Photo: Manu Venkat | AirlineReporter
Alert: a new player has entered the game. At long last, Southwest Airlines is flying to Hawaii. It’s a major milestone for the airline, which has had its eyes on the Hawaii prize for a years. So when the first flight departed Oakland for Honolulu on March 17th, the airline threw a BIG party to celebrate.
There were hula dancers, live musicians, cakes, speeches, and (of course) TONS of Hawaiian shirts. Passengers on the flight — who mostly seemed to be Southwest employees and die-hard fans — got luggage tags and flower leis before taking to the skies. And we got to head out onto the airfield to see the flight off. Read on! We have so many photos, you’ll feel like you were there with us.
Photo: Manu Venkat | AirlineReporter
What’s next for Southwest Airlines? – Original Photo: Stephen M. Keller for Southwest Airlines
In 2016, I wrote a piece titled Nine Reasons Why I Think Southwest is the Best. For me, those nine reasons stand, even today. I still fly Southwest enough to renew my A-List elite flyer status annually. They are still my first choice when booking travel. There was a time not long ago that I would go out of my way to fly Southwest, and the overwhelming majority of my 20-30 trips a year were with the LUV airline. However, I would be remiss not to recognize that my mix of airlines flown is increasingly more diverse.
The airline’s piece of my overall business has been shrinking. This is a trend that I’ve been cognizant of on the periphery for a few years now. It is something I have long ignored because so much of what makes me an AvGeek is tied to my love, study, and ridership of Southwest. Many of my best aviation memories are linked to the airline. In December of 2017, I finished my most recent academic pursuit and received an M.A. in Organizational Leadership. My academic team and I frequently joked I minored in “Southwest Airlines” because so many of my projects focused on the company, their culture, and leadership philosophy. All of this, plus gobs of friends who are Southwest employees, I honestly feel as if I’m an honorary part of the family.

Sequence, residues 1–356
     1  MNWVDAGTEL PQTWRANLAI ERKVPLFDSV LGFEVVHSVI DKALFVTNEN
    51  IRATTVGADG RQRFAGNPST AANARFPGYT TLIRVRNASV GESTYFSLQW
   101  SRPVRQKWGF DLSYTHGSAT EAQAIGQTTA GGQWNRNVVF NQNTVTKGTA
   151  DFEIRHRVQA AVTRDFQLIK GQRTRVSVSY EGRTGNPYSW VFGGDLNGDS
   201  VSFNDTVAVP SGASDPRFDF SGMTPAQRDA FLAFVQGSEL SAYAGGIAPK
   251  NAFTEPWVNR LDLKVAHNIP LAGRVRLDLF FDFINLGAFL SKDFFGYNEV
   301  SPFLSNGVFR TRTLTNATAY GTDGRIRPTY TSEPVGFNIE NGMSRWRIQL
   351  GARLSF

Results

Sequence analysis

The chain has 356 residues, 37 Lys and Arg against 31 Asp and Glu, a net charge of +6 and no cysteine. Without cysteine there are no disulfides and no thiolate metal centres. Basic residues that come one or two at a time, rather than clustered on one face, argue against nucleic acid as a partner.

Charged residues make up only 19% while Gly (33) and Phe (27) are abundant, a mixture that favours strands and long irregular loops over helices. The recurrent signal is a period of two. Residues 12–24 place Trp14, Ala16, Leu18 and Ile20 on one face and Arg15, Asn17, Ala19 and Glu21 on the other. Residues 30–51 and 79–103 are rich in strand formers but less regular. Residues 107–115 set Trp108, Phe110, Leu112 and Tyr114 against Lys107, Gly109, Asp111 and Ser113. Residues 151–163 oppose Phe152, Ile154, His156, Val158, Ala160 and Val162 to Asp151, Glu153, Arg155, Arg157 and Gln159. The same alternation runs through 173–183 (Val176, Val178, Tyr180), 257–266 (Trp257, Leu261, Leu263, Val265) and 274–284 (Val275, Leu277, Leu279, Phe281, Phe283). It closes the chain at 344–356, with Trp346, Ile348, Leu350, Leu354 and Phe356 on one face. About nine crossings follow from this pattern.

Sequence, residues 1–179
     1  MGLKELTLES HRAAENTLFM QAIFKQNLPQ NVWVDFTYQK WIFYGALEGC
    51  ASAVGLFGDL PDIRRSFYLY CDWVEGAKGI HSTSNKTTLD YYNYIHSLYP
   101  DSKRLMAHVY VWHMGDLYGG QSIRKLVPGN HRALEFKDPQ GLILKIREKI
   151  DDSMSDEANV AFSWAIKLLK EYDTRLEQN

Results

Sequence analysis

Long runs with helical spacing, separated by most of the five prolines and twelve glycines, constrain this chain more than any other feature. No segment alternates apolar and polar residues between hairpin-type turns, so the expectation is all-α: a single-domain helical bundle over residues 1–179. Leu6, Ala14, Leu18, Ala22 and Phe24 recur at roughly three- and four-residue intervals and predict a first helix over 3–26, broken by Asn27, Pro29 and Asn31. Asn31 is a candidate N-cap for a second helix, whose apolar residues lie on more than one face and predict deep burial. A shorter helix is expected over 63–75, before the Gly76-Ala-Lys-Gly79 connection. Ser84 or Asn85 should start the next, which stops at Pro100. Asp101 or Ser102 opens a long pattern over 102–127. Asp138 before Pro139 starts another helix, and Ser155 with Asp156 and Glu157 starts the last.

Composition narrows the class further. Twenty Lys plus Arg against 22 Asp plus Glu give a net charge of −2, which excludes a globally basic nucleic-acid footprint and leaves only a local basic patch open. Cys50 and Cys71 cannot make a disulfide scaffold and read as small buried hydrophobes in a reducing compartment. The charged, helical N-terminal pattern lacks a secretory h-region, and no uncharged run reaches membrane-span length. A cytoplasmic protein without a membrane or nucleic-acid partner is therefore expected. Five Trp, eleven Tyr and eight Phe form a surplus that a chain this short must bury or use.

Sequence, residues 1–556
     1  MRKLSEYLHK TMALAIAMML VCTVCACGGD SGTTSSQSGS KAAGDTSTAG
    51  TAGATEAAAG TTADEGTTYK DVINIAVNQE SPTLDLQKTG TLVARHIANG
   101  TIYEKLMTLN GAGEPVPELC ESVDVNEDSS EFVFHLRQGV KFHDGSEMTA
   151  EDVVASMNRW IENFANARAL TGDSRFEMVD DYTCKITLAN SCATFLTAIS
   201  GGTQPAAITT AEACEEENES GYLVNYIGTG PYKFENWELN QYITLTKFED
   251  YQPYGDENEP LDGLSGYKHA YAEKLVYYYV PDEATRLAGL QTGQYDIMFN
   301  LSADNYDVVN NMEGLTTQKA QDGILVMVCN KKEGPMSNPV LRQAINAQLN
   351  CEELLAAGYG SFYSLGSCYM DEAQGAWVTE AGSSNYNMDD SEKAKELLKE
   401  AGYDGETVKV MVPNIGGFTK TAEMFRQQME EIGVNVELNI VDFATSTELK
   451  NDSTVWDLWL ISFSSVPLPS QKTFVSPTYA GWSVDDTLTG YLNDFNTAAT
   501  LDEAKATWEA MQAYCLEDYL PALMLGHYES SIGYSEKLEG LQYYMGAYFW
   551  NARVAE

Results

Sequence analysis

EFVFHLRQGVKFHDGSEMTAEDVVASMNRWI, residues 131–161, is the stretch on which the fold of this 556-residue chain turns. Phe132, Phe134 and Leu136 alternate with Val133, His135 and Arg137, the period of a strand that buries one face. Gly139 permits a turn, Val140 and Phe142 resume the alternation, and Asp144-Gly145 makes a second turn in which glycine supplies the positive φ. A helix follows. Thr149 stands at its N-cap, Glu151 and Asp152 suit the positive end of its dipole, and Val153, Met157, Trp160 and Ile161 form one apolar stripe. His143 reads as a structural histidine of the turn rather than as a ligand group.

Here’s the tough question: If Southwest is always my first choice when picking a flight, why am I riding the other guys with more frequency? I have given this a lot of thought and I don’t think that this trend is because Southwest is doing anything particularly wrong. Rather, I think the competition has, in some cases, become way more competitive.
I have long kept a wishlist for the airline. Perhaps the implementation of a few of these would help the airline pull ahead of the competition where, in my mind, they have historically always been. Without further ado, my wishlist, presented in David Letterman-reverse countdown style.
Southwest’s A-List Same-day standby perk: Will I get a seat on an early flight home? – Photo: JL Johnson | AirlineReporter
In late 2016, Southwest Airlines announced an additional perk for their elite A-List and A-List Preferred flyers. While other airlines were busy devaluing their own programs, Southwest was, in what has become very “Southwest” bucking the trend and enriching their own. At the time the stipulations were that A-List members could fly standby on any same-day flight between the same city pair. The perk came with a major limitation, however. The earlier flight had to be within two hours of the confirmed flight. This proved to be a major limitation for me with my home airport being in Kansas City, Missouri. I wasn’t alone in being unable to make much use of the perk. Many elite flyers based in the mid-sized cities Southwest dominates expressed dissatisfaction.